Museums in Rome
The Vatican Museums
Address: Viale Vaticano
Hours: 08:45 – 16:00 & Saturdays 08:45 – 13:45 Nov – March closes at 13:00
Closed Sundays and religous holidays apart from the last Sunday in each month when entrance is free.
The must see in Rome is the world renowned Vatican Museums housing without a doubt some of the worlds most significant artefacts, paintings and frescoes. The Vatican museums take you along a cicuit that is over 7km long although you do have the chance to relax and refresh along the way making a pit stop at the restaurant. The museums contain the following:
- The Pinacoteca Vaticana (17 rooms full of paintings from some of the workds greatest masters including Leonardo Da Vinci, Caravaggio, Fra Angelico, Bellini, Raphael & Titian).
- The Museo Gregoriano Egizio (10 halls full of Egyptian originals).
- The Museo Pio-Clementino.
- The Museo Gregoriano Etrusco.
- Stanze & Loggia by Raphael.
- The Borgia apartment (with the famous fresco by Pinturicchio).
- The Sistine Chapel.
- The Gallery of the Maps, Tapestries and Candelabra.
- The Vatican Library. The Museo Gregoriano Profano.
- The Museo Missionario Etnologico.
- The Museo Storico (includes arms and uniforms of the former military corps of the vatican).
It is recommended to get there early especially in high tourist season when queues could accumulate, and in order to spend as much time as possible inside which is necessary with all that needs to be visited!
National Museum of Castel Sant'Angelo
Address : Lungotevere Castello, 50
Hours: 09:00 – 20:00 Closed on Mondays
Located just up the road from the Vatican on the river you will find the Castel Sant'Angelo in all it's glory.
The castle was originally built for the Emperor Hadrian in the IIc A.D being used as both a fortress and prison during the middle ages. This castle actually had some pretty famopus prisoners including Cola di Rienzo, and Beatrice Cenci.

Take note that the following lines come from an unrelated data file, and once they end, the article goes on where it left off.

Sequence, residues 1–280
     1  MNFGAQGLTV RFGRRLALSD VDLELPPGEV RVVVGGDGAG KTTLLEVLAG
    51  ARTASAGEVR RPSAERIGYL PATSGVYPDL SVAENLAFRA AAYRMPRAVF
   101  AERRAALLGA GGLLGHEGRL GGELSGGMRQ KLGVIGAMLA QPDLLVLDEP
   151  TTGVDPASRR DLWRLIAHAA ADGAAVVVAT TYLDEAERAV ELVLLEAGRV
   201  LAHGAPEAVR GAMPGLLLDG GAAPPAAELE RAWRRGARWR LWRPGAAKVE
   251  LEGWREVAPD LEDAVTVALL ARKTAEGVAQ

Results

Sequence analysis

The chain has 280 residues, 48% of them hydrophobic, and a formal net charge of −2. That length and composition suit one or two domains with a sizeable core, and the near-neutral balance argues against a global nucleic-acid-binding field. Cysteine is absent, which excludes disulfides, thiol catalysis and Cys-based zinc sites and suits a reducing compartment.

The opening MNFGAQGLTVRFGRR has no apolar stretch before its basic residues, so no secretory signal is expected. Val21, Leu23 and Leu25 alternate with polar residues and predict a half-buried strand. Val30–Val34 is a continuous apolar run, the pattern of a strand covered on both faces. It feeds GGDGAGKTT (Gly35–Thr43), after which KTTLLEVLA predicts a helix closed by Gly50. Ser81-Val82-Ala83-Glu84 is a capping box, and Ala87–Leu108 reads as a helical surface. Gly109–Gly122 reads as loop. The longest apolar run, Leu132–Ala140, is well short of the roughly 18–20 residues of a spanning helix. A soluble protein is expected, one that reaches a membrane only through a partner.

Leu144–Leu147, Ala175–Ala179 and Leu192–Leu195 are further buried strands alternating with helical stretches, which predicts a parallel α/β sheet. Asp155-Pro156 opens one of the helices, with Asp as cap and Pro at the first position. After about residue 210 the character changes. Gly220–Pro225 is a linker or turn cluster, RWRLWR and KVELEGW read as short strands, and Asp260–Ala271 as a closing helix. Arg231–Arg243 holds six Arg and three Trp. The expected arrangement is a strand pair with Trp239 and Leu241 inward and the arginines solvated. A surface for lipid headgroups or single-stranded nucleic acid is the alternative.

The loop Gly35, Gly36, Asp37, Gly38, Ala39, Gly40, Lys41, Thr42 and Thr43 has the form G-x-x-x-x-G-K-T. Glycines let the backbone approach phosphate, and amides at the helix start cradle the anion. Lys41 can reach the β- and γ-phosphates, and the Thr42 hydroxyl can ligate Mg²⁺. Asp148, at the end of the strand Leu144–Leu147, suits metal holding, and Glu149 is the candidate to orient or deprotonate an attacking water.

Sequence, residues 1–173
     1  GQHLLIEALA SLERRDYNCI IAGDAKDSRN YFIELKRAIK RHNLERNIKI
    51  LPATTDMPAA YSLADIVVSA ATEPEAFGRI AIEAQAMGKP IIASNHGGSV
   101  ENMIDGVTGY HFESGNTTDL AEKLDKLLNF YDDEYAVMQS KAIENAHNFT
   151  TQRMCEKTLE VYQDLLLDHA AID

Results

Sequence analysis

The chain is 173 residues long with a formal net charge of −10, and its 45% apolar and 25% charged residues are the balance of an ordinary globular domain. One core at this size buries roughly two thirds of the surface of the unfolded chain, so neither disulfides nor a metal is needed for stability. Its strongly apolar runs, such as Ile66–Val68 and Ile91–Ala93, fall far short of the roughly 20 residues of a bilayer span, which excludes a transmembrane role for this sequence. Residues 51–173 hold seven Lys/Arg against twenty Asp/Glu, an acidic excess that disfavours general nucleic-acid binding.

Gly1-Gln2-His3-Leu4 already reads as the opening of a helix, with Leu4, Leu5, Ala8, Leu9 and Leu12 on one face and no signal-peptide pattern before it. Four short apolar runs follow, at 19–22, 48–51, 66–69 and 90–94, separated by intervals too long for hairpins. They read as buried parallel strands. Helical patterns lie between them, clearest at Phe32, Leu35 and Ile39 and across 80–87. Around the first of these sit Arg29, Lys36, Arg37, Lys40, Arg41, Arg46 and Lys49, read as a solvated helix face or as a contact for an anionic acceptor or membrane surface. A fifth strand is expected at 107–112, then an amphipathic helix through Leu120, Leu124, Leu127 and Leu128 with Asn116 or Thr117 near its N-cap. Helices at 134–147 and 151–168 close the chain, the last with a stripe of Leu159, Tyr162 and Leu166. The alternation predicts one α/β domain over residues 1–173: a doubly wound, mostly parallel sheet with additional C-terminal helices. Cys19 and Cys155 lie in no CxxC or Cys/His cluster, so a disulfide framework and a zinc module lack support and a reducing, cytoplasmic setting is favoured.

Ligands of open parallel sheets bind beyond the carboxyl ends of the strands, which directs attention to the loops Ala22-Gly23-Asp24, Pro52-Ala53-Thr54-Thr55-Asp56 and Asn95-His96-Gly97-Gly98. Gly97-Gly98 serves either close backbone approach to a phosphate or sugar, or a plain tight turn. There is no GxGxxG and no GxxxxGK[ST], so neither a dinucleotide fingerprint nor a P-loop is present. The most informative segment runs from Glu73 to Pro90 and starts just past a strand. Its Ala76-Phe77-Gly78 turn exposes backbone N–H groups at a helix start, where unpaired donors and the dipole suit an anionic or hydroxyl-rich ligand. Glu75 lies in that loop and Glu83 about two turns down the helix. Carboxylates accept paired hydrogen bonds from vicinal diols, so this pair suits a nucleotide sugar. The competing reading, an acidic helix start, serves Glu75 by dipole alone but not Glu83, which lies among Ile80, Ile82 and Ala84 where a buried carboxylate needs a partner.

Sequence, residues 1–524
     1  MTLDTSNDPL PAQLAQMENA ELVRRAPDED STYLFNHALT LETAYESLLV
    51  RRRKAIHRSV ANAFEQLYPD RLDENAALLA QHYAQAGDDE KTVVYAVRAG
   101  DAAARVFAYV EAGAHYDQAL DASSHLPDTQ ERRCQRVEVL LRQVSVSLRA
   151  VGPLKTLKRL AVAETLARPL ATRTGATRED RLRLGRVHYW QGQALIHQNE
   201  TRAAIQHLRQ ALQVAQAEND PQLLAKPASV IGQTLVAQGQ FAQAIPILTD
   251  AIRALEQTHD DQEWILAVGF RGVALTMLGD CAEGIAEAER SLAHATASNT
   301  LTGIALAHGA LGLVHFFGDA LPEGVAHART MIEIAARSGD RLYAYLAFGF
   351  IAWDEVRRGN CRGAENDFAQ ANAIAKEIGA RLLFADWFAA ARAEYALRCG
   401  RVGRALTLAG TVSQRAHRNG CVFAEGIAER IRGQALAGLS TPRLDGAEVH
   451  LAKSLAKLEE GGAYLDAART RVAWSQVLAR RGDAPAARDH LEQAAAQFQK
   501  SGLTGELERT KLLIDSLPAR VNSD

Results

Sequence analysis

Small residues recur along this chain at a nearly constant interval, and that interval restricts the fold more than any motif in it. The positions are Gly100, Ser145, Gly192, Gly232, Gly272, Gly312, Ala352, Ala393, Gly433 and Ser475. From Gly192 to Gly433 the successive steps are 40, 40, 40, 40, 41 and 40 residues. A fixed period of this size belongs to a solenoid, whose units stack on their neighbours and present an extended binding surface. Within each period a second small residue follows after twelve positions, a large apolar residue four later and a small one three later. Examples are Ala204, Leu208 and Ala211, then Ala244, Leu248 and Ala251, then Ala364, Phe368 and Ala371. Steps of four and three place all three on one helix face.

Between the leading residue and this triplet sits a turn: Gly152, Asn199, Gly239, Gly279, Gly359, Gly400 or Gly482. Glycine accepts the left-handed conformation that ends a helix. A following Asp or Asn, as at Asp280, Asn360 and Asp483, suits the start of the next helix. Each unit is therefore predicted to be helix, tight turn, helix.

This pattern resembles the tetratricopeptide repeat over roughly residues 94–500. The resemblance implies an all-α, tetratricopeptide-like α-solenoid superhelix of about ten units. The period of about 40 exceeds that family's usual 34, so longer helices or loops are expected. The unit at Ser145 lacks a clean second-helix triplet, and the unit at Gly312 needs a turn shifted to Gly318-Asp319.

In 1925 the life of the castle settled down as it became a museum. Today you can visit this museum enjoying great views of Rome from the upper floor, and observe sculptures, furnitures and weapons of different weapons.
Roman National Museum
Address : Palazzo Massimo alle terme – Largo di Villa Peretti , 2
Hours: 09:00 – 18:45 Closed on MondaysFrom June 1st to 30th September on Saturdays also 21:00 – 23:45
Free entrance for university students
This museum exhibits the archeological collections that have been retrieved from Rome and it's surrounding areas over the years. The art has been derived from greek, roman and christian origin.
National Gallery of modern and contemporary art
Address : Via delle Belle Arti, 131
Hours:09:00 – 19:00 Sundays Holidays
Rome may be steeped in ancient artefacts and artwork but there is also options for those appreciating a more modern take on this city.
The Capitoline Museums
Address: Piazza del Campidoglio, 1
Hours: 9am until 8pm. Mondays closed
The museum in itself is a story of great history dating way back to 1471 when it was inaugurated by Pope Sixtus V as the worlds first ever public museum. The building is spectacular and the main piazza which makes up the Capitol offers stunning views over the Roman Forum.
Today the museum offers precious artefacts such as the ‘Galata Morente’, (a magnificent statue of Marcus Aurelius on horseback), the Lupa Capitolina which dates back from the 5th century BC, not to mention a stunning collection of portraits dating back to the middle ages. Located near the colosseum it is well worth the visit.